One more question - Now that this vacuum route is plugged up, would it make sense to redo the timing and re-adjust the carburetor? I remember last time I adjusted those 2 things, I was having some problems because the vacuum readings were inconsistent or something, or I couldn't get the result that the manual said I should get or something. It seemed like I had to richen up the mixture more than it should be in order to get the engine to start, then once the engine was warm it would run rich.
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  #50  
Old 07-22-2014, 03:24 PM
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The hot air tube is gone and the fresh air tube was capped off by PO.....will the engine still run?
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  #51  
Old 07-22-2014, 03:41 PM
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Folks,

In the future, please start a new thread if you have any specific questions. This is a 6-year old tech writeup; my intent was not to field individual questions in this thread.

To answer this latest question: yes, the engine will run. The engine will struggle to run as it tries to reach operating temperature in the absence of a properly functioning choke.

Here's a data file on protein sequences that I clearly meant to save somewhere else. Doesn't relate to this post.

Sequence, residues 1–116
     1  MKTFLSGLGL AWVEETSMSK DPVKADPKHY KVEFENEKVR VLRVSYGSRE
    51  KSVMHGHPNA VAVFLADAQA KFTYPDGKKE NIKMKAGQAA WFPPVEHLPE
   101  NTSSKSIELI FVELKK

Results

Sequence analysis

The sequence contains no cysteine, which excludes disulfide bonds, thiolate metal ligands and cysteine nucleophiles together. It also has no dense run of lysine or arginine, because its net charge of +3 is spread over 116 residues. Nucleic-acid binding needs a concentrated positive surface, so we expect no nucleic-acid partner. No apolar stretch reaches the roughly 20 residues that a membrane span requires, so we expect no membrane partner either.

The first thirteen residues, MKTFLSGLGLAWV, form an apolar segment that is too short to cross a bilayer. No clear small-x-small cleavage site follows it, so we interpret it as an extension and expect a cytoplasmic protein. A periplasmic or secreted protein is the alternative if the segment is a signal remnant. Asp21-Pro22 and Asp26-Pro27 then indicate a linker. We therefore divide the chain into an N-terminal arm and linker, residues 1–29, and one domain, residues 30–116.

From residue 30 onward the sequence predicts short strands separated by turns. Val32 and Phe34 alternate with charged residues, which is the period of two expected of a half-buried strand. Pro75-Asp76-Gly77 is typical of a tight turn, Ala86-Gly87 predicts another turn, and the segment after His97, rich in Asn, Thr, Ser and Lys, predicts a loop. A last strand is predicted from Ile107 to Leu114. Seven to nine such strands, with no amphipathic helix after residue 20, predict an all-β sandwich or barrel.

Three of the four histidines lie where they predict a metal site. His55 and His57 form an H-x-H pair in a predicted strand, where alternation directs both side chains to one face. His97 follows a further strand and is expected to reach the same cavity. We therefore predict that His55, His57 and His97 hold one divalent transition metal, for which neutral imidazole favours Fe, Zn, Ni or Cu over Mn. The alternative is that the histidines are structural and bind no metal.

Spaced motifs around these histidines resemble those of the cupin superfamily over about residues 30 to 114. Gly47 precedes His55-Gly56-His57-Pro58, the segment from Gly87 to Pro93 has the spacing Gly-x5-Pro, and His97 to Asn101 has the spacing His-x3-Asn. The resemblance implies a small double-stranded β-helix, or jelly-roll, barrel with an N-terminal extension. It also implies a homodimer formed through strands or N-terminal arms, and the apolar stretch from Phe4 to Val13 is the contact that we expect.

Please start a new thread if you have any further questions.
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  #52  
Old 07-23-2014, 01:55 PM
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make it a sticky!
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  #53  
Old 07-30-2014, 10:09 AM
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I need to replace my hot air tube where can I find a metal line like that ?
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  #54  
Old 07-30-2014, 10:22 AM
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Please see my last post in this thread.

I already answered that question in your other thread in my very first post.
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  #55  
Old 07-30-2014, 10:59 AM
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I checked your first post in my other thread and you did say I needed a stove repair kit but did not say where I could get one. Any help would be appreciated.
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  #56  
Old 07-30-2014, 11:11 AM
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Originally Posted by jomoflymo View Post
I checked your first post in my other thread and you did say I needed a stove repair kit but did not say where I could get one. Any help would be appreciated.
A choke stove repair kit Dorman PN 55111... available from your local auto parts retailer. If wanting a repro then NPD, Mac's, LMC, etc.

Dorman® Help!™ 55111 - Choke Stove Kit | O'Reilly Auto Parts
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Old 07-30-2014, 11:11 AM